As the T-shirt (or bumper sticker) says, “I worked 20 years in the Senate and all I got was this lousy record.” The Volokh Conspiracy rounds up the facts on Kerry's record on writing bills and getting them passed:
Five for sure:
Two with minor modification:
And four joint resolutions:
Sure seems like a lot for twenty years. Perhaps if he actually showed up for work it would have been better.
So, much analysis has been done on Theresa Heinz's publicized portions of her tax return and it while I'm sure she intended to deflect criticism, I think she is sure to draw it.
Bottom line from the Wall Street Journal article “:Teresa's Fair Share:”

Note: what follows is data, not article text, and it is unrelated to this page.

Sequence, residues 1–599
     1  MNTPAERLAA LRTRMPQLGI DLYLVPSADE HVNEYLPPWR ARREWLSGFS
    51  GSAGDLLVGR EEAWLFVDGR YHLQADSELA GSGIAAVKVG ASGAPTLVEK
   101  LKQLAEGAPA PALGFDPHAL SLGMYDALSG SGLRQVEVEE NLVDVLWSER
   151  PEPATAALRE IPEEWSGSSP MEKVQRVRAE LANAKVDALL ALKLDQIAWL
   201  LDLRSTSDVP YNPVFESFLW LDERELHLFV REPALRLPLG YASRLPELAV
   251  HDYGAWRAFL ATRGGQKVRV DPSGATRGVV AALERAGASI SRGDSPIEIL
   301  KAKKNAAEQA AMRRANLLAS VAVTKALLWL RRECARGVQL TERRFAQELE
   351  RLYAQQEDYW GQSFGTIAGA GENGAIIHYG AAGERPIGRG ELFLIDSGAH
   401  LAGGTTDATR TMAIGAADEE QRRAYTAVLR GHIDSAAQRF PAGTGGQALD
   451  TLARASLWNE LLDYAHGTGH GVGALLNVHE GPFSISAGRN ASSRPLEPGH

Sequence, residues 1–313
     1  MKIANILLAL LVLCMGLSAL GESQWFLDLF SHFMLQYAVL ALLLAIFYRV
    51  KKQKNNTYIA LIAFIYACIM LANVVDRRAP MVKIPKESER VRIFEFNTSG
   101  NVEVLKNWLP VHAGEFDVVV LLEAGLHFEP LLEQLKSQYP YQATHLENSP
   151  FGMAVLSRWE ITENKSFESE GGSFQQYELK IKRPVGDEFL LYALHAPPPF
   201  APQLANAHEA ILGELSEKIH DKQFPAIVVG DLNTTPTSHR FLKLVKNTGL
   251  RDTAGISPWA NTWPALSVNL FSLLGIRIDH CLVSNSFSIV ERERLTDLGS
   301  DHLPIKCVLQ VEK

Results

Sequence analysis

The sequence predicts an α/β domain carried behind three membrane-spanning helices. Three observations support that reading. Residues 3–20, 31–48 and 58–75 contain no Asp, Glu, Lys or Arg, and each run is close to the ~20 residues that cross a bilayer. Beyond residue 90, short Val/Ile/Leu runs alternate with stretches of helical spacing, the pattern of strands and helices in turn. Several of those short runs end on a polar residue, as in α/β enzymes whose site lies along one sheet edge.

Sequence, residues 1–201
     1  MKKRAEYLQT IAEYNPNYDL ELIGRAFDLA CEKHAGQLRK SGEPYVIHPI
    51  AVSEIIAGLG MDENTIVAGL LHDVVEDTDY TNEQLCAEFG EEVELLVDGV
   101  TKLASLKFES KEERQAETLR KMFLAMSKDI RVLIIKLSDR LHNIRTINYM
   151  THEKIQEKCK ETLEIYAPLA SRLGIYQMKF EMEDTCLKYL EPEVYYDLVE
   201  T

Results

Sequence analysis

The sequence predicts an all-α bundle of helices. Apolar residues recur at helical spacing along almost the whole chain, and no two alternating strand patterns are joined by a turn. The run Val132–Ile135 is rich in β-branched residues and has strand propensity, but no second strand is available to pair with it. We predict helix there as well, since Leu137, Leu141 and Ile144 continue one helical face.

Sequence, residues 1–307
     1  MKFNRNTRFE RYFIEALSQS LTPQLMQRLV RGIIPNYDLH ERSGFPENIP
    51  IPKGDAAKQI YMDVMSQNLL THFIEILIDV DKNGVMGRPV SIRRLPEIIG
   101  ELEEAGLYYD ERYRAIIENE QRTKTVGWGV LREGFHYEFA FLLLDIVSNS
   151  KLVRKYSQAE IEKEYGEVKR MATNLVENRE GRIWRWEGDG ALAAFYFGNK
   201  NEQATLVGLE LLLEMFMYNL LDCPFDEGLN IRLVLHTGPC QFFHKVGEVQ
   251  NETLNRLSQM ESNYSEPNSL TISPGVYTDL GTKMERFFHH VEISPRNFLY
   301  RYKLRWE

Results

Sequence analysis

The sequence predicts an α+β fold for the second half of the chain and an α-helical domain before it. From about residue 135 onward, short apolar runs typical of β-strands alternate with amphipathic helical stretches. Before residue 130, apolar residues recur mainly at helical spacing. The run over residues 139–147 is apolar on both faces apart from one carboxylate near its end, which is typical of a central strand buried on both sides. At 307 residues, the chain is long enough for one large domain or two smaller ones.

Mrs. Kerry paid $627,150 in taxes, for an overall average federal tax rate of only 12.4% on her $5.07 million in total income.
How could that be? Because $2.78 million of that income came from tax-exempt interest on “state, municipal and public entity bonds.” Finally we get a picture of the rich fatcats that her party appears to despise: people that can afford to invest in such tax avoidance schemes. The top 50% of taxpayers paid an average rate of 15.9%, and the average rate of all people that paid taxes is 14.2%. Both numbers are significantly higher than hers.
So the Kerry solution is to tax everyone making more than $200,000 at higher rates, except for the fact that such shelters would still exist. Half of her income would still be tax-exempt, but the remainder would be taxed at a higher rate.
So who really suffers? The Journal article today lays it out in black & white: